About the kit and lenses it really depends what kind of work you will be doing, as something like portrait work or weddings will require different lenses from product photography or wildlife photography and different still from landscape photography. Generally those zooms cover the main range, so that is good.
Also, just fyi a lot of pros rent lenses for specific things, like if they need a big tele for a soccer game, they will rent it for that day, instead of buying it. Some pros buy lenses (as their value doesn't go down as quickly as the body's and their quality can remain high for years to come) and rent camera bodies (as their technology can change every couple years). But that depends on your local market - where I live renting isn't always easily accessible and even then its mostly Nikon gear.
03-10-2012, 08:23 AM   #8
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Sorry, I know this is irrelevant, but I like your forum name ben, The "Pentaxinator" Good luck with your search

03-10-2012, 08:23 AM   #9
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With a good lens you can add additional macro capability through either a bellows (with focus rails) or extension tubes. Each of which can be much cheaper than additional lenses....
03-10-2012, 08:30 AM   #10
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QuoteOriginally posted by interested_observer Quote
With a good lens you can add additional macro capability through either a bellows (with focus rails) or extension tubes. Each of which can be much cheaper than additional lenses....
Very nice I might get me one of those!
03-10-2012, 09:41 AM   #11
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QuoteOriginally posted by pentaxinator Quote
I also have gone through a dramatic change in opinion : from "better buy a good body with a lot of megapixels at first, you can always upgrade to good lenses after", to "screw the bodies and megapixels, its the lenses that take the picture!"

i have therefore decided that i will only buy very good lenses
ben
Yes, but it is the photographer that MAKES the picture.

My advice is whatever you end up getting, learn how to use it at its fullest. You'll be pleasantly surprised on what can be done even with "regular" equipment at the hands of a master
03-10-2012, 06:28 PM   #12
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QuoteOriginally posted by demp10 Quote
Yes, but it is the photographer that MAKES the picture.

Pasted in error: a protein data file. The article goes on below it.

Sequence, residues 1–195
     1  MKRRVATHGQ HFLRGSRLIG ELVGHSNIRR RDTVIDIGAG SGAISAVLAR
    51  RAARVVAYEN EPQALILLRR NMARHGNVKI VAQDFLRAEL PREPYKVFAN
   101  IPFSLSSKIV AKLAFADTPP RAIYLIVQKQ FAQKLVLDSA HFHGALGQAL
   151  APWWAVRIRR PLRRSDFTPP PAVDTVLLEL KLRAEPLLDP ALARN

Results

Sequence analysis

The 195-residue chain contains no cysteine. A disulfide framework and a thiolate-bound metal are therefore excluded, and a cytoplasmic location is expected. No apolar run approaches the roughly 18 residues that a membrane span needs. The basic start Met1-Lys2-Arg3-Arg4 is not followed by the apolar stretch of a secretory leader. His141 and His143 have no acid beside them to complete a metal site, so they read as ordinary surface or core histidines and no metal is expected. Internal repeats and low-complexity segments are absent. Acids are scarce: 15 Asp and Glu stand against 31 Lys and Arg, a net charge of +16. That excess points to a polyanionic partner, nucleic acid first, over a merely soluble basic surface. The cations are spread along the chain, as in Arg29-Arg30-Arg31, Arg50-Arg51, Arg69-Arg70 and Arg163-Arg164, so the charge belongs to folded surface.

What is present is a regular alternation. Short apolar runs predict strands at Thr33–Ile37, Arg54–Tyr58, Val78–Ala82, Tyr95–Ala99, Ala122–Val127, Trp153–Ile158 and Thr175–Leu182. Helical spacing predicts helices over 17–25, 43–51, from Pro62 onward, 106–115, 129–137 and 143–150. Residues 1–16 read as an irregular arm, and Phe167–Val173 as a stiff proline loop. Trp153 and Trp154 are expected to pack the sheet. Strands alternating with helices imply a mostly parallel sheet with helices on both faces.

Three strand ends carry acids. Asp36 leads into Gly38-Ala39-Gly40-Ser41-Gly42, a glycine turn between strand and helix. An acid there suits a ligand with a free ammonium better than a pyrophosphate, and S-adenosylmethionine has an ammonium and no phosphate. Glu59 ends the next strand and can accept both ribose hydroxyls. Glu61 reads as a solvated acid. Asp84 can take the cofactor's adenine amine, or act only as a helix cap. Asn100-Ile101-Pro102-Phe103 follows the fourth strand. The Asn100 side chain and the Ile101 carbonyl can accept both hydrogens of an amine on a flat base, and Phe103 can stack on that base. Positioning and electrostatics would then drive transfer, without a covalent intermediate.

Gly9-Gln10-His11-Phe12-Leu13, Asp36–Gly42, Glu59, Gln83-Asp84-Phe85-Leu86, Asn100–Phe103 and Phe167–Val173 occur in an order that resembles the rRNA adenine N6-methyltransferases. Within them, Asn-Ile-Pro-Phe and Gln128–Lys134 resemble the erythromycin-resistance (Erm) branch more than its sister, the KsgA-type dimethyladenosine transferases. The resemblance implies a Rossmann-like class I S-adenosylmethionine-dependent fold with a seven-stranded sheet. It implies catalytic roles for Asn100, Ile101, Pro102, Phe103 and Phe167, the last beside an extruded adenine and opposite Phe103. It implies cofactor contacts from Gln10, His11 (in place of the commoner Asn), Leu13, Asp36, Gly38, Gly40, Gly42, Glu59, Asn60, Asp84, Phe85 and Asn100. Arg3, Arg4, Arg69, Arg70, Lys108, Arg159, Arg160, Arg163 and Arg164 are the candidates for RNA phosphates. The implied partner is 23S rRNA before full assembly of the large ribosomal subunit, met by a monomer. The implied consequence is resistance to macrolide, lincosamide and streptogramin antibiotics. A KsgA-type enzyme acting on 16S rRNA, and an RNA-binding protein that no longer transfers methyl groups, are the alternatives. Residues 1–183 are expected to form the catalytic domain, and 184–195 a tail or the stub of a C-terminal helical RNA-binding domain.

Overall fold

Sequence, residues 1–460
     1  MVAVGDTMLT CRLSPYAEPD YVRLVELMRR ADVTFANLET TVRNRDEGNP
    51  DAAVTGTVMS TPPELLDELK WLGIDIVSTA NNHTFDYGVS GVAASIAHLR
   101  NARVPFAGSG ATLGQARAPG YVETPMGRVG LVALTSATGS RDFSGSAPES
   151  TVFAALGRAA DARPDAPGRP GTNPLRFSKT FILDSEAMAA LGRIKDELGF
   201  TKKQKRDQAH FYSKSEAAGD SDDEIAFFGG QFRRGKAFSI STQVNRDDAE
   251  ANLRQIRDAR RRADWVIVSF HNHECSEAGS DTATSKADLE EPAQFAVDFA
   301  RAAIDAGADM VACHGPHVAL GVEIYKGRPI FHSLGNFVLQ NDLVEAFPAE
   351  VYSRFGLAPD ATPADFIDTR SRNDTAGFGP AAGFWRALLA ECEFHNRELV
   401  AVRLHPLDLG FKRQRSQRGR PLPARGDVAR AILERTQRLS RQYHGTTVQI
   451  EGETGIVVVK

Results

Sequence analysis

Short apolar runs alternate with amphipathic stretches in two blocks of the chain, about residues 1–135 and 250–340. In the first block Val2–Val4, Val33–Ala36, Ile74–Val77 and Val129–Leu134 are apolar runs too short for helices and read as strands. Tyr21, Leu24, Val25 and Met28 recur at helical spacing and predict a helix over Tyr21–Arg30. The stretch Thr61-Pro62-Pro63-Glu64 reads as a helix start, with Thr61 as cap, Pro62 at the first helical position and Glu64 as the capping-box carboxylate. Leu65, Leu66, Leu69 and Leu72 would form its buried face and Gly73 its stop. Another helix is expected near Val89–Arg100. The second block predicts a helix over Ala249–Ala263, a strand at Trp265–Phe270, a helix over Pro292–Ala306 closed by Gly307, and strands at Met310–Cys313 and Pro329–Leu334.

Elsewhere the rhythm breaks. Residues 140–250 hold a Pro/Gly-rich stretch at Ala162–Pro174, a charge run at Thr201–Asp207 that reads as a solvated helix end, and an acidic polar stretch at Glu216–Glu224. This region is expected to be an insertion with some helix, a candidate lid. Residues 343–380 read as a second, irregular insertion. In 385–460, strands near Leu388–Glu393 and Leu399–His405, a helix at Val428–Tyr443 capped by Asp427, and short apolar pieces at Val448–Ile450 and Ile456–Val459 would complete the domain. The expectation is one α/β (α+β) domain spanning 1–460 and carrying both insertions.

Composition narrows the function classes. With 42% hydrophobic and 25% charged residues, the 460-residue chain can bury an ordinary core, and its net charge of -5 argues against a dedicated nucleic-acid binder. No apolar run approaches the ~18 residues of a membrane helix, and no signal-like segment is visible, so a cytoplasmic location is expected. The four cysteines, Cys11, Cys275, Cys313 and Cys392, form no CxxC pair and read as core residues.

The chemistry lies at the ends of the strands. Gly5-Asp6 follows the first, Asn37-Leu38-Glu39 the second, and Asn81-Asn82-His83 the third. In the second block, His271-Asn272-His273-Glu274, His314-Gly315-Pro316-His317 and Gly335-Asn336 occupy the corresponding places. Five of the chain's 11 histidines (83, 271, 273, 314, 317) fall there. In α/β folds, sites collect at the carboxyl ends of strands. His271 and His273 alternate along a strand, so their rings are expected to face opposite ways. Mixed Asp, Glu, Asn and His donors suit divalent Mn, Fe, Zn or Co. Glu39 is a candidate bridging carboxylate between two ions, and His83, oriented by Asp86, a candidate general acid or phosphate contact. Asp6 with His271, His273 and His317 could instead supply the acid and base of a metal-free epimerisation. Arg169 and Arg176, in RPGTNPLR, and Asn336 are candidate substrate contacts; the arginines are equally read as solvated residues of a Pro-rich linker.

My advice is whatever you end up getting, learn how to use it at its fullest. You'll be pleasantly surprised on what can be done even with "regular" equipment at the hands of a master
you are right on every point, one does not need a "professional camera" to get great results. however when i got my k20d, i was all about how many megapixels there where and i was very frustrated that it did not say: "X20 ZOOM" on the big lens, just a meaningless (to me at the time)"70-300mm".

i am glad those times are behind me now
03-10-2012, 06:30 PM   #13
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QuoteOriginally posted by kaiserz Quote
sorry, i know this is irrelevant, but i like your forum name ben, the "pentaxinator" good luck with your search :d
:d :d :d :d :d :d :d
03-10-2012, 06:53 PM   #14
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QuoteOriginally posted by Frogfish Quote
Check out the link I gave above Ben and all will be revealed .... ring flashes are never recommended for serious macro.
i checked out the link as you said. very interesting, a lot of DIY. since i am NOT good at DIY, do you know any reliable alternatives?

i have seen most(all?) macro flash brackets commercially available, and i have come to the conclusion that combining a straight plate with two screws, and one or two mini tripod ball heads, will probably be the best option. do you know of any straight plate with two screws that are available at B&H? i currently live in south america, and the DSLR market here is, well horrible. ebay or amazon are useless to me, but i have contacts that could bring me stuff, FROM B&H.

ps, i have seen and i am not pleased with:

the wimberley setup, the kirk systems, and the Manfrotto 330B Macro Flash Bracket.

just so you know i have done my home work


edit

i have decided to use a Giottos MH 1004 Mini Ball Head, combined with a straight bracket.

i deed end up finding a few that meet my requirements on b&h, i will ask B&h staff to help me choose.

thank you very much to all of you for the help

ben

Last edited by pentaxinator; 03-11-2012 at 02:11 AM.